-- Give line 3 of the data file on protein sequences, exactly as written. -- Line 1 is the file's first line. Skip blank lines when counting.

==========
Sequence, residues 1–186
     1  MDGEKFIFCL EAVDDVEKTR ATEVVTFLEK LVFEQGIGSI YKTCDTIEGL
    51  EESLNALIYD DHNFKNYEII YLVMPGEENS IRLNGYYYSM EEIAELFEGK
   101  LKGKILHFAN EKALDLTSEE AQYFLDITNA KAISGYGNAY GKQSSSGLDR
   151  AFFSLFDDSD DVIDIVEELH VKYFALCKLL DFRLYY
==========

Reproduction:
    51  EESLNALIYD DHNFKNYEII YLVMPGEENS IRLNGYYYSM EEIAELFEGK